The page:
One of the newer ones is LauderAle, which opened in July 2013 by friends Kyle Jones and Joey Farrell. Jones is a realtor, while Farrell is a ship engineer and built a lot of the brewery hardware himself. The whole brewery thing just came to them one night while drinking at Tap 42 in Fort Lauderdale. The next day, they split the $200 to buy a homebrew kit on Amazon.com.

Ten months later, they opened a 3,200-square-foot brewery in a hard-to-find industrial neighborhood west of Port Everglades. Still, people find them, and they attract crowds on weekend nights when the tap room is open. For now, the plan is simply to sell beer out of the tap room – no bottles, no taps at local bars.

“When you walk back here in our tap room and people are hanging out, I mean, it’s cool,” Jones says. “This place can really get crazy some nights.”

Maybe the next brewery to follow will be one operated by Adam Fine, the distributor. He’s now working at the Craft Beer Cartel, a beer store and homebrew supply shop in Fort Lauderdale run by Julian and Lisa Siegel from the nearby Riverside Market. The three of them recently purchased the machinery needed to begin a craft brewery and are looking for a location.

Julian Siegel says he knows his brewery will be up against state law. “Florida is a total newbie at craft beer,” Siegel says. “The state has no concept of how to address this new industry.”

The Church of Beer Opens on Saturday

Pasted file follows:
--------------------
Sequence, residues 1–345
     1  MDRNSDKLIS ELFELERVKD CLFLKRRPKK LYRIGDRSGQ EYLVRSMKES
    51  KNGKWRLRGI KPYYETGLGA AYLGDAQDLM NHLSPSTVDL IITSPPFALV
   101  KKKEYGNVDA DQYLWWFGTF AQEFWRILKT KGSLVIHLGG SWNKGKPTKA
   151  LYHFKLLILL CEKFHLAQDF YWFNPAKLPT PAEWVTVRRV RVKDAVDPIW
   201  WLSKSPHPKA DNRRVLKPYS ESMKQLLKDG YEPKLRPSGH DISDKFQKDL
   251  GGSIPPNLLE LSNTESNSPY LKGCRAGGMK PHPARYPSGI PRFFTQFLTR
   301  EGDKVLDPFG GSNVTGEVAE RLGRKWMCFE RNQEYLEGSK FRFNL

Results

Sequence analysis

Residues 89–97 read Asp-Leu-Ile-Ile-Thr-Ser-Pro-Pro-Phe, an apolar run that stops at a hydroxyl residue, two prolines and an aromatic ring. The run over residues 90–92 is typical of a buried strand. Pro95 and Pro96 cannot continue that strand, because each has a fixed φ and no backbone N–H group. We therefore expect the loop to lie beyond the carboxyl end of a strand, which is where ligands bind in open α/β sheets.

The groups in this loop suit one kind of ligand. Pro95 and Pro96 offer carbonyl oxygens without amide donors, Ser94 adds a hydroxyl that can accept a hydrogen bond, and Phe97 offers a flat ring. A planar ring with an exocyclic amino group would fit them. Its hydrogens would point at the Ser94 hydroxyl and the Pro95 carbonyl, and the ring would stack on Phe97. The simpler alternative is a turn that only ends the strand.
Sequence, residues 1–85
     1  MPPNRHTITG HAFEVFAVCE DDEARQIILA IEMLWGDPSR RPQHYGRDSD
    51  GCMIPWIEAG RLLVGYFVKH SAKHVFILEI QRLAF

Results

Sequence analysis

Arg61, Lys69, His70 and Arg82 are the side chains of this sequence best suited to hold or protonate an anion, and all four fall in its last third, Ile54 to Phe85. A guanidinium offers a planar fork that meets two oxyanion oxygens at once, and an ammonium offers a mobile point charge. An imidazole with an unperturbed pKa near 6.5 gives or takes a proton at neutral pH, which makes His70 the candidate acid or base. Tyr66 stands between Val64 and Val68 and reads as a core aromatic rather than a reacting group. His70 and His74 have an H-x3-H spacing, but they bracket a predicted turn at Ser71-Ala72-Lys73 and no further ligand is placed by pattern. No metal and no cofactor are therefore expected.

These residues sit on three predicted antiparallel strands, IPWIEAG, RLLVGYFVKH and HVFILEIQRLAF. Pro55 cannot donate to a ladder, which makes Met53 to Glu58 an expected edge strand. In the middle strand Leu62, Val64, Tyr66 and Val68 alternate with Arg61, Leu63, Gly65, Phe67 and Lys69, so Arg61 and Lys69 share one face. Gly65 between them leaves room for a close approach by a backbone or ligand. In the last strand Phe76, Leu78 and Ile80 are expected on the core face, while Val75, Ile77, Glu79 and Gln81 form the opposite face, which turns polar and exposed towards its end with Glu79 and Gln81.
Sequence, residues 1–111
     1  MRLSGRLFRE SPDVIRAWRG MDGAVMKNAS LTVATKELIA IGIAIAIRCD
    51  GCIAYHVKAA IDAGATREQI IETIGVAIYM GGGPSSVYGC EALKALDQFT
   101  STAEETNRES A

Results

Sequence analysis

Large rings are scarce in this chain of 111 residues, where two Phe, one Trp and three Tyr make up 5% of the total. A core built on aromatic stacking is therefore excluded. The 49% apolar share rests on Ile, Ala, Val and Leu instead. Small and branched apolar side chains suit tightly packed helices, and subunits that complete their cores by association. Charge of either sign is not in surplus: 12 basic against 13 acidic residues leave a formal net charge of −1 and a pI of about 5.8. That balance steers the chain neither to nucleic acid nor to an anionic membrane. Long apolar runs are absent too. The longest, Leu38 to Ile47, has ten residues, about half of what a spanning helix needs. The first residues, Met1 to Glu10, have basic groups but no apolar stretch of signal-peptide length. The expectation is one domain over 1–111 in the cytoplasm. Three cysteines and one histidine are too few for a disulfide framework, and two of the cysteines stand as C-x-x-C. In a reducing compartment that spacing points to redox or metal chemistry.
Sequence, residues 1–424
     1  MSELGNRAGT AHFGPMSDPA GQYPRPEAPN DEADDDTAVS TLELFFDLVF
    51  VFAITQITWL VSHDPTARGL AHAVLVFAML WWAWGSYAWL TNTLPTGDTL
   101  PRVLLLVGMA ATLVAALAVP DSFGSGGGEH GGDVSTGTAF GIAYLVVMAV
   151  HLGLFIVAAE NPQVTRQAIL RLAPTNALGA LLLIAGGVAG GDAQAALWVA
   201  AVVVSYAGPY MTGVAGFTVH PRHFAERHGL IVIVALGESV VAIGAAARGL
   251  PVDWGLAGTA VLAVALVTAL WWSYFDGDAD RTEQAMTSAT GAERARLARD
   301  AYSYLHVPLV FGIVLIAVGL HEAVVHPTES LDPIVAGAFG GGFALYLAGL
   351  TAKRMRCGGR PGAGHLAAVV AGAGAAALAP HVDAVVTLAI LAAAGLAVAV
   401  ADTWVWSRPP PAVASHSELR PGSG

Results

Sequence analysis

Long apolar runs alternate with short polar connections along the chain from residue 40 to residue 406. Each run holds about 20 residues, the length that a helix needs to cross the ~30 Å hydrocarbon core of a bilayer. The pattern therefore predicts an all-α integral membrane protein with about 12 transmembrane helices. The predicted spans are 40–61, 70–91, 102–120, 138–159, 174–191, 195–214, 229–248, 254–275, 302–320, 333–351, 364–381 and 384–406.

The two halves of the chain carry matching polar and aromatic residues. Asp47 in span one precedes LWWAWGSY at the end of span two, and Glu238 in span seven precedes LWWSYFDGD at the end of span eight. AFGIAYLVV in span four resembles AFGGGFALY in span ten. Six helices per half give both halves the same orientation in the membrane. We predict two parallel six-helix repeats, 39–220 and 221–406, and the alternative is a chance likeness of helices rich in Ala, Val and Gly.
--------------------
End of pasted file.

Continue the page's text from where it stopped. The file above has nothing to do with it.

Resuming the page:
The Church of Beer Opens on Saturday

The Funky Buddha’s Maple Bacon Coffee Porter Festival officially started at noon Jan. 10, but anybody who showed up then would have been forgiven for thinking they had arrived way late. Because, by then, thousands were already standing in line.

The line began out back of the brewery. It then snaked around like an airport security maze, past dumpsters and loading docks and to the end of a parking lot the size of a city block.

Brad Keller was one of the first of them. He arrived at 8:30 that morning and found that the line was already two rows deep. “I’m not much of a beer drinker,” admitted Keller, a 25-year-old real estate agent from Weston. “I’m new to this whole craft beer thing. A friend of mine told me about this maple bacon beer, and I just thought it sounded cool.”

At about 12:30 p.m., four hours into his day at the brewery, Keller made it into the tent to buy the Maple Bacon Coffee Porter – limit four per person at $15 each. Actually, Keller didn’t walk out of the tent with the beers, just four pink wristbands that showed he had paid. Then, he’d have to wait until the brewery began handing them out at 4 p.m., more than seven hours into his day at the brewery.